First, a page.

The focus of this study was on the high-frequency FM sweep-selective region of the pallid bat A1 (Razak and Fuzessery, 2002). This region is likely to be involved in echolocation behavior. The FM sweep-selective region contains neurons tuned between 25–70 kHz and is located rostral and medial to the lower frequency neurons (tuning 5–35 kHz) that are noise-selective (Razak and Fuzessery, 2002, 2006). The FM sweep-selective neurons respond better to downward sweeps than to noise or upward sweeps with energy in the same spectral band. Using tones, noise, upward, and downward sweeps as search stimuli, neurons with characteristic frequency (CF) >25 kHz, and with stronger response to downward FM sweeps than noise and upward FM sweeps were isolated. The following response properties were then determined:

Excitatory Frequency Tuning Curve

Pure tones (25–70 kHz, 5 ms duration, 1 ms rise/fall times, 1 Hz repetition rate) were used to determine the CF and MT for tones. CF was defined as the frequency that elicited action potentials to at least five successive stimulus repetitions at the lowest intensity. The intensity was then increased in 5 or 10 dB steps to record the frequency-intensity combinations that produced excitatory responses (tuning curve). A 1 kHz resolution was used to determine excitatory tuning curves. Because, the excitatory tuning curves in the echolocation region of the pallid bat are typically broader than 5 kHz between 10–30 dB above threshold, this resolution was deemed sufficient to characterize the tuning curve (Razak and Fuzessery, 2007).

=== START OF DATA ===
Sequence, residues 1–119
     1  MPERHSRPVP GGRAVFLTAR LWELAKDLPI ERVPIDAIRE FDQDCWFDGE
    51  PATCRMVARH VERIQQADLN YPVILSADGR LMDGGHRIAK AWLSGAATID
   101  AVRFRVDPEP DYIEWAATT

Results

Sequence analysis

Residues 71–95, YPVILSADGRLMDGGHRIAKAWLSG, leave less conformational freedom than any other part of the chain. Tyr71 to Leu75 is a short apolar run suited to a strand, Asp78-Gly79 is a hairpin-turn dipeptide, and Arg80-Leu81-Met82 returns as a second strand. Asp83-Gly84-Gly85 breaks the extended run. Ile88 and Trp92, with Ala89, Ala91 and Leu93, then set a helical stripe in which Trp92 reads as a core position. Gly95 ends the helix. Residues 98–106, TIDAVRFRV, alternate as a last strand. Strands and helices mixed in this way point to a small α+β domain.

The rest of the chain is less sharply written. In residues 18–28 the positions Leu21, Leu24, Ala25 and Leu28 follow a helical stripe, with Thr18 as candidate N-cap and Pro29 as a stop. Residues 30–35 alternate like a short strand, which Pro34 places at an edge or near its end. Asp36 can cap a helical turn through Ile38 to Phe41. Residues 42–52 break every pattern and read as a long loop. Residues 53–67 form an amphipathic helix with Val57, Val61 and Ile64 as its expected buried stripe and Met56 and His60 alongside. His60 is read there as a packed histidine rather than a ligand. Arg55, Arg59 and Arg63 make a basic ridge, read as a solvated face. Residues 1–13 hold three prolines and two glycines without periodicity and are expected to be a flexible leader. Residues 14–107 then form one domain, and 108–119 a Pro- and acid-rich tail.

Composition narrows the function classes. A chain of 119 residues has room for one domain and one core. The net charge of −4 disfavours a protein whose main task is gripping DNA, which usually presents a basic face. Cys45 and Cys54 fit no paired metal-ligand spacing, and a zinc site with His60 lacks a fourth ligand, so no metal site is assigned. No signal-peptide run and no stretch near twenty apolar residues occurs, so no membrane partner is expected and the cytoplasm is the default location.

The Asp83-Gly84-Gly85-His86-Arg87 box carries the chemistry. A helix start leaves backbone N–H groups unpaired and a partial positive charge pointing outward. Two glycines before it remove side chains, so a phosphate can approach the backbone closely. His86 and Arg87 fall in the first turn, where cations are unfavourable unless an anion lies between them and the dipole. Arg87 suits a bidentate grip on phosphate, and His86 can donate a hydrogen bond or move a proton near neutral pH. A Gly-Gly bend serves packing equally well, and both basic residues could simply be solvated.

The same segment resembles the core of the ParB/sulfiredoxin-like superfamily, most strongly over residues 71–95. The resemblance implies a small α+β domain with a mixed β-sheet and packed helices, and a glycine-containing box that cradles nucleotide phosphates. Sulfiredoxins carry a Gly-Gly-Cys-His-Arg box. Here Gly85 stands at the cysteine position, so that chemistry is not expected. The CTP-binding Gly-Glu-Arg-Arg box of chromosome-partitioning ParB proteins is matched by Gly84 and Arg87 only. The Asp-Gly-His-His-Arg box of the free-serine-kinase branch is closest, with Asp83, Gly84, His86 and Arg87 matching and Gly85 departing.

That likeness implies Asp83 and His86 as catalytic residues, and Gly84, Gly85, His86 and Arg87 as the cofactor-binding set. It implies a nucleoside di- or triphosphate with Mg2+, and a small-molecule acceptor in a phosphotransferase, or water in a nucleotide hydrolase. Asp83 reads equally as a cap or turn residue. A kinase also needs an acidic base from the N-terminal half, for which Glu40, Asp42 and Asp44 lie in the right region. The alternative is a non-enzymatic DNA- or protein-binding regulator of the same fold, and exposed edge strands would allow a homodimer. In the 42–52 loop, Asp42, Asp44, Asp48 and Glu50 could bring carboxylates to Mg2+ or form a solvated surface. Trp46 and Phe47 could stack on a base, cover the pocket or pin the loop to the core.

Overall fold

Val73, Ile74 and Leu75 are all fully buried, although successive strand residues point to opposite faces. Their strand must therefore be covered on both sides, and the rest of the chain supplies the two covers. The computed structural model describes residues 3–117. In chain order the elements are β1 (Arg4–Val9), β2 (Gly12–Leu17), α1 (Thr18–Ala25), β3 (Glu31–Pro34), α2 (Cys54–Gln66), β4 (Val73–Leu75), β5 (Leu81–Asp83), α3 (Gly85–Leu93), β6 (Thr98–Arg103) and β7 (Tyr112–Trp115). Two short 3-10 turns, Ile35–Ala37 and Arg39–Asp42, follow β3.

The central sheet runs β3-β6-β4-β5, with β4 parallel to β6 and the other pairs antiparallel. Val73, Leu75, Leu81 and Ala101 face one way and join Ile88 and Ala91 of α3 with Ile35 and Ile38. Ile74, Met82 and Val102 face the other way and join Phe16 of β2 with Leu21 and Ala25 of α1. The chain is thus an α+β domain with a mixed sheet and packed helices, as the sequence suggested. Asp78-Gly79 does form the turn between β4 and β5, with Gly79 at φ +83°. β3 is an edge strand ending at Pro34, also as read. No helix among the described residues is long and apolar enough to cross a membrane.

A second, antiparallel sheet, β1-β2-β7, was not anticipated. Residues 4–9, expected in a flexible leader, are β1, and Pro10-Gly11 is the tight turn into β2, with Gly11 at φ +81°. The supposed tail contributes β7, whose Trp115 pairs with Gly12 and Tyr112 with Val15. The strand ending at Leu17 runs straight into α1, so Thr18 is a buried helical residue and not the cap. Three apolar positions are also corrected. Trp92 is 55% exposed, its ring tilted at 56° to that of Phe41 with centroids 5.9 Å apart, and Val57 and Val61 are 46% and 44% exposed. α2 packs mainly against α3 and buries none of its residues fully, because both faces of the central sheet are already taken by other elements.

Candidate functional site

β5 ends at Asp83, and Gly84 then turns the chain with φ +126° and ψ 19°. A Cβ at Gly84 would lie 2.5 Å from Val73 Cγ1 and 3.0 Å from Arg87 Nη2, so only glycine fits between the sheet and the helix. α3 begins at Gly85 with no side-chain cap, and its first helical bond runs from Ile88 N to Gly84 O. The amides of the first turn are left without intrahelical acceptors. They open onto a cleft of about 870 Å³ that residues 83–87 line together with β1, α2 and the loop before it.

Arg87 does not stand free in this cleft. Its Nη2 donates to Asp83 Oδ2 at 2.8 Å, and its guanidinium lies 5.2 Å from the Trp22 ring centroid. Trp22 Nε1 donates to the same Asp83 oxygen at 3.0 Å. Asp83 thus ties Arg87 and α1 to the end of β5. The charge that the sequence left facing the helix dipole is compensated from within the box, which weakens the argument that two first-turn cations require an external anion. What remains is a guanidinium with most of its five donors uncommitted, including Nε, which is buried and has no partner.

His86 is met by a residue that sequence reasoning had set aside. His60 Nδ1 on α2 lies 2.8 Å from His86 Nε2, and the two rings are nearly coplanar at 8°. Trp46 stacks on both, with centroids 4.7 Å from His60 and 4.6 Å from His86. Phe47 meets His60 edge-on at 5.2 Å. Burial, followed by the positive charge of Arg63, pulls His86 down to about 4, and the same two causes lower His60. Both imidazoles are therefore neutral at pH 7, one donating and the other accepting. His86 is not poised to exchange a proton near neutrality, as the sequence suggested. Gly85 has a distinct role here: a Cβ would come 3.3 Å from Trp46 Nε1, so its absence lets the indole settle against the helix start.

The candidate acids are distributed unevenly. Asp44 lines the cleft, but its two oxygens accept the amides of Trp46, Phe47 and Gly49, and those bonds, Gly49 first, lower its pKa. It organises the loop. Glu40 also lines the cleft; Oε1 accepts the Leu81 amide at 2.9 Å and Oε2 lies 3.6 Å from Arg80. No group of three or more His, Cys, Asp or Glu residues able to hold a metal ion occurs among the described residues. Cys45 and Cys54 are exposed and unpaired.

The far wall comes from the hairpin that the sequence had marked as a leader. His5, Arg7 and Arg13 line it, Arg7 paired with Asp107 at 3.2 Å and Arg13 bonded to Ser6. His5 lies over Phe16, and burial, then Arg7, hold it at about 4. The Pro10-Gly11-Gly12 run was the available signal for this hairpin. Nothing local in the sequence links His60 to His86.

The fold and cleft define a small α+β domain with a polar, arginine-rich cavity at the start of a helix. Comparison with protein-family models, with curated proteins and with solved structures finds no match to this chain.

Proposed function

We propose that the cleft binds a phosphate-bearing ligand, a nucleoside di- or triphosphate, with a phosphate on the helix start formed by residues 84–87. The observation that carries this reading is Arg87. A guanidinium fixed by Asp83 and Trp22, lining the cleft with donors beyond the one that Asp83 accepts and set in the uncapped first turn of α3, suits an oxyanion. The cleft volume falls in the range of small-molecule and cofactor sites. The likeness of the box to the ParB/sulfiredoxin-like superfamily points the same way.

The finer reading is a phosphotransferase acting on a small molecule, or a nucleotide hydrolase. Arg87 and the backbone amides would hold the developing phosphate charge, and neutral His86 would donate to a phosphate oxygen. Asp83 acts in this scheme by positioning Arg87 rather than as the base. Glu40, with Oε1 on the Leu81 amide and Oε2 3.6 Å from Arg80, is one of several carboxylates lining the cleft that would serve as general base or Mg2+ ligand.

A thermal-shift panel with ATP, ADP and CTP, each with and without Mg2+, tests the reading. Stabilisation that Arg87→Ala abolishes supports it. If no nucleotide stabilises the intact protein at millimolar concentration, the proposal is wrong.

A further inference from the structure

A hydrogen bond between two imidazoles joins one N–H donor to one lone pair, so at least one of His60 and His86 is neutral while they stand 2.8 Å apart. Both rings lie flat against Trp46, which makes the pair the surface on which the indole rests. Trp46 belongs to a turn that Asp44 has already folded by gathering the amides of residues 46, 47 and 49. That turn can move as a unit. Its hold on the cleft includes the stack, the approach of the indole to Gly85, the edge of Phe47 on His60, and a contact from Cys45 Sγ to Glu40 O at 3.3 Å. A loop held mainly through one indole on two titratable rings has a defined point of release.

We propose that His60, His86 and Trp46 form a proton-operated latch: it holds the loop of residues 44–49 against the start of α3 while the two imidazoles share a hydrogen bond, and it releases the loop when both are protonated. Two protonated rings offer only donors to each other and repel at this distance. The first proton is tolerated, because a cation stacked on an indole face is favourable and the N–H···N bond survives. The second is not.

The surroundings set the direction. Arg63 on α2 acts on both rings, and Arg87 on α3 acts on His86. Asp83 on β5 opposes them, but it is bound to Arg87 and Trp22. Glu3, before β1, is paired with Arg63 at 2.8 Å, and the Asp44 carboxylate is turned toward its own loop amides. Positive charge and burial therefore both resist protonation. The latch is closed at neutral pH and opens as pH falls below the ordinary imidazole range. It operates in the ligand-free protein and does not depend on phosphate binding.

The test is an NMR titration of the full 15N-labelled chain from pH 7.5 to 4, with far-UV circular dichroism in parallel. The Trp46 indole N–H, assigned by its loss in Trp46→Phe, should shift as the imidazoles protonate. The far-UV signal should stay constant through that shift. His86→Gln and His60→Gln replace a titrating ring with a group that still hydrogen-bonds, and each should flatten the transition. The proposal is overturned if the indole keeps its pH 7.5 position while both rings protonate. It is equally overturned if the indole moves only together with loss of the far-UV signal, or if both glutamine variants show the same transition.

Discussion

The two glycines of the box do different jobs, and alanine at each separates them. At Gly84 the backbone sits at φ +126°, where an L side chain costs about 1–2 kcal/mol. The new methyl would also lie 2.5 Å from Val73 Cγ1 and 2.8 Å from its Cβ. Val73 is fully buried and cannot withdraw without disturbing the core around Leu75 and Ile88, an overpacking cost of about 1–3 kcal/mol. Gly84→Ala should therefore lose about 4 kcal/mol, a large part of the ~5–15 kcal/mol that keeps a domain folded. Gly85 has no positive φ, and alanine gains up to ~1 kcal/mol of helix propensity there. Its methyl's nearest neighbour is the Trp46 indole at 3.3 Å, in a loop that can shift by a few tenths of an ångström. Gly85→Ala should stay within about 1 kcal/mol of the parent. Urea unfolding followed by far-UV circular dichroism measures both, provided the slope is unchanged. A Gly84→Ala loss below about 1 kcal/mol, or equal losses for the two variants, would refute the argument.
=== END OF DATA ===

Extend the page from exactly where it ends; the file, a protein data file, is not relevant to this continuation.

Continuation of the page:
Two Tone Inhibition Over Time Tuning Curves

To determine the arrival time of inhibition, a two tone inhibition over time (TTI) method was used (Calford and Semple, 1995; Brosch and Schreiner, 1997; Gordon and O'Neill, 1998; Fuzessery et al., 2006; Razak and Fuzessery, 2006). Two tones were presented with different delays between them (Figure 1A). The frequency of one tone was at the CF (excitatory tone) and was presented at an intensity of 10–20 dB above threshold and duration of 5–10 ms. The second tone was presented at the same intensity and duration of 5–10 ms. The frequency of the second tone was varied between 25–70 kHz and its onset time was varied with respect to that of the excitatory tone. The inhibitory sideband on the low-frequency side is ~10 kHz wide (Razak and Fuzessery, 2006). On the high-frequency side, the bandwidth of inhibition is ~2–4 kHz. Therefore, a resolution of 0.5 kHz was used to search for the high-frequency sideband, and a resolution of 2 kHz was used for the low-frequency sideband.

FIGURE 1